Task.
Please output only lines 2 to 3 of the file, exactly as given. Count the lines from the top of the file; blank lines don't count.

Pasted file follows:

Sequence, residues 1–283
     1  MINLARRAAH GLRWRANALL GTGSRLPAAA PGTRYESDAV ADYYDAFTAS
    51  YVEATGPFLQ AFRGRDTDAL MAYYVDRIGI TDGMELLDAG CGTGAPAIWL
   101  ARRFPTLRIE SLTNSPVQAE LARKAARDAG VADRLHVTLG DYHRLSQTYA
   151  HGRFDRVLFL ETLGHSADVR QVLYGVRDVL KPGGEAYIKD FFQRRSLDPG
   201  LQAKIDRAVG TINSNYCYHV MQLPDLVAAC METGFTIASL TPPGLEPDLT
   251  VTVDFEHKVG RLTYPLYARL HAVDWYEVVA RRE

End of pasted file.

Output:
     1  MINLARRAAH GLRWRANALL GTGSRLPAAA PGTRYESDAV ADYYDAFTAS
    51  YVEATGPFLQ AFRGRDTDAL MAYYVDRIGI TDGMELLDAG CGTGAPAIWL